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People v. Geisick

Court of Appeals of Colorado, Division II

July 28, 2016

The People of the State of Colorado, Plaintiff-Appellee,
v.
Benjamin Jacob Geisick, Defendant-Appellant.

         Weld County District Court No. 14CR285 Honorable Thomas J. Quammen, Judge

          Cynthia H. Coffman, Attorney General, Ethan Zweig, Assistant Attorney General, Denver, Colorado, for Plaintiff-Appellee

          Douglas K. Wilson, Colorado State Public Defender, Kathryn Heffron, Deputy State Public Defender, Greeley, Colorado, for Defendant-Appellant

          Webb and Harris, JJ., concur

          OPINION

          JUDGE ASHBY

         ¶ 1 Defendant, Benjamin Jacob Geisick, appeals the judgment of conviction entered on jury verdicts finding him guilty of resisting arrest, obstructing a peace officer, and possession of drug paraphernalia. We affirm.

         I. Background

         ¶ 2 Geisick got into an argument with his girlfriend in their motel room. The motel manager overheard the argument, confronted Geisick, and then called the police. Officer Steinhour was the first officer to arrive and he contacted the motel manager. While Officer Steinhour and the manager were talking, the manager saw Geisick walking away from the motel and pointed Geisick out. Officer Steinhour followed Geisick on foot and verbally attempted to stop Geisick so that they could talk. A physical struggle between Officer Steinhour and Geisick occurred, but it ended quickly and Geisick ran away. Geisick hid behind a tree as other officers arrived on the scene and, after trying to escape on foot again, Geisick was ultimately tackled and arrested by the later responding officers.

         ¶ 3 Based on the physical struggle with Officer Steinhour, the prosecution charged Geisick with second degree assault on a peace officer and attempting to disarm a peace officer. And because officers found a pipe, which Geisick admitted was used to smoke methamphetamine, and other items in his pockets, the prosecution also charged Geisick with possession of drug paraphernalia.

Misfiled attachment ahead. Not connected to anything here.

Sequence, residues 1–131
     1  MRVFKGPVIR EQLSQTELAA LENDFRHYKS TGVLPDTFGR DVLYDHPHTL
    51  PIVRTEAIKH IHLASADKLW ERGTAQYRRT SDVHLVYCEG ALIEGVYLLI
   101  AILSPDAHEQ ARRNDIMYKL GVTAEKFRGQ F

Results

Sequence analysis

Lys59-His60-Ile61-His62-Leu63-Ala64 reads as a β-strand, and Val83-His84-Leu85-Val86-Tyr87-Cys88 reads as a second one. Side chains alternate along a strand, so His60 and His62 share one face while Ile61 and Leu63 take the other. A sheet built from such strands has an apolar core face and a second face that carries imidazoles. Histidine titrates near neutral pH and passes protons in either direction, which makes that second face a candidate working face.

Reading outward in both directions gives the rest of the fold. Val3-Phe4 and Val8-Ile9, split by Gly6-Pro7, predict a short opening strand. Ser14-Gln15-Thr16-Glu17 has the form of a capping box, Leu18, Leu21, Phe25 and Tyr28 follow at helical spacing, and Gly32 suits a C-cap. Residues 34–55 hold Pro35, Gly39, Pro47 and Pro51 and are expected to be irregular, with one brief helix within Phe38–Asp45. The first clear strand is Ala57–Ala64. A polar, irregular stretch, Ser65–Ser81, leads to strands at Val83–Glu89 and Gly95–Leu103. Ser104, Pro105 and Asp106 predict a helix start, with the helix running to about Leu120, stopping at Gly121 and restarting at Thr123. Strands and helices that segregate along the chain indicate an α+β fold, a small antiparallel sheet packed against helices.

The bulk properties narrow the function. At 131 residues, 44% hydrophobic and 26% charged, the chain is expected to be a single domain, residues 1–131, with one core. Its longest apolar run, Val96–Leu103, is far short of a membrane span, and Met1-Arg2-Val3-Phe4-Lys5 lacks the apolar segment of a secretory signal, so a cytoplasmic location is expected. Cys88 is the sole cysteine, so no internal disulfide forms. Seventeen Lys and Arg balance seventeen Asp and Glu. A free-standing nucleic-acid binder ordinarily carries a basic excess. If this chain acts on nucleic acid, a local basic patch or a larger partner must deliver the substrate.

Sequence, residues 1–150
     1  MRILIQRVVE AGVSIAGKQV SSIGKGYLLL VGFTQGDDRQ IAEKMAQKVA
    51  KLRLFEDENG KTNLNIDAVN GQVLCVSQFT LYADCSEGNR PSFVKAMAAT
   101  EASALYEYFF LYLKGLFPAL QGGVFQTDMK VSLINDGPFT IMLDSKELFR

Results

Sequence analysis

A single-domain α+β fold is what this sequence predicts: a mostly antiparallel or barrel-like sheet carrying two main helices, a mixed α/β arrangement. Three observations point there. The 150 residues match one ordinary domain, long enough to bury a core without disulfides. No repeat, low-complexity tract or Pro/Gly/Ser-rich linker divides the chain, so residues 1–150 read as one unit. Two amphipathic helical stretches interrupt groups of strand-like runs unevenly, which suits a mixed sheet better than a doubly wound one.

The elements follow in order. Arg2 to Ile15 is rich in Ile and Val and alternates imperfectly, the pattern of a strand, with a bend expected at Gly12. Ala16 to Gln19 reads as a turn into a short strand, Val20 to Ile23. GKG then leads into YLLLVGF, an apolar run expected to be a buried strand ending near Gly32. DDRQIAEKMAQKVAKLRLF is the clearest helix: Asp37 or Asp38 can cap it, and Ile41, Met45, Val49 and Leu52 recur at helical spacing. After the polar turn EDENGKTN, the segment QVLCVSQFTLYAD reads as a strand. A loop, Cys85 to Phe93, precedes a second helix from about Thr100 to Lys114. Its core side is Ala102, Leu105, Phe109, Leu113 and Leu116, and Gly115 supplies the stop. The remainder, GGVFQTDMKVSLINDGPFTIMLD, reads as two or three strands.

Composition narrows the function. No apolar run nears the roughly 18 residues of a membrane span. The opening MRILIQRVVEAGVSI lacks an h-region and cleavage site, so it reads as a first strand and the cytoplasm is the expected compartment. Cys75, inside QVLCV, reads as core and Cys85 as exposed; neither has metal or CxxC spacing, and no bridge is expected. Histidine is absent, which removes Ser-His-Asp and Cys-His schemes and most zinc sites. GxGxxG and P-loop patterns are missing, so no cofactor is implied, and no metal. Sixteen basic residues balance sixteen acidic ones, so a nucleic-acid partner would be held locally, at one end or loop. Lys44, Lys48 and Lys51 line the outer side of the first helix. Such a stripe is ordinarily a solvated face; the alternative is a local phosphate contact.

¶ 4 At trial, both Officer Steinhour and Geisick testified and offered significantly different descriptions of their struggle. Officer Steinhour testified that Geisick initiated the physical altercation between the two of them and that Geisick punched him in the face, hit him in the head with his radio microphone, and attempted to take his gun. In contrast, Geisick testified that Officer Steinhour initiated the physical altercation by grabbing him and throwing him into a wall, and denied that he ever punched the officer, hit him in the head with the radio microphone, or attempted to take his gun. Geisick did admit, however, that a physical struggle occurred and that he ran away from Officer Steinhour and the other officers who arrived later.

         ¶ 5 At the close of evidence, Geisick asked the trial court to instruct the jury on two lesser nonincluded offenses that the People did not charge: resisting arrest and obstructing a peace officer. The trial court, at the request of Geisick, found that there was evidence to support both of the lesser nonincluded offenses and instructed the jury on those offenses. The jury found Geisick not guilty of the charged offenses of assault on a peace officer and attempting to disarm an officer, but found him guilty of the uncharged lesser nonincluded offenses of resisting arrest and obstructing a peace officer in addition to the charged offense of possession of drug paraphernalia. The trial court convicted and sentenced Geisick accordingly.

         ¶ 6 Geisick appeals his convictions, arguing that (1) the trial court erred by denying his challenge for cause to a potential juror; (2) the trial court erred by admitting inadmissible hearsay testimony; (3) the evidence was insufficient to support his resisting arrest and obstruction convictions; and (4) the cumulative effect of these errors denied him a fair trial. We consider and disagree with each of these arguments in turn.

         II. Challenge for Cause

         ¶ 7 Geisick argues that the trial court reversibly erred by denying his challenge for cause to a potential juror whom he then used a peremptory challenge to dismiss. We reject this argument ...


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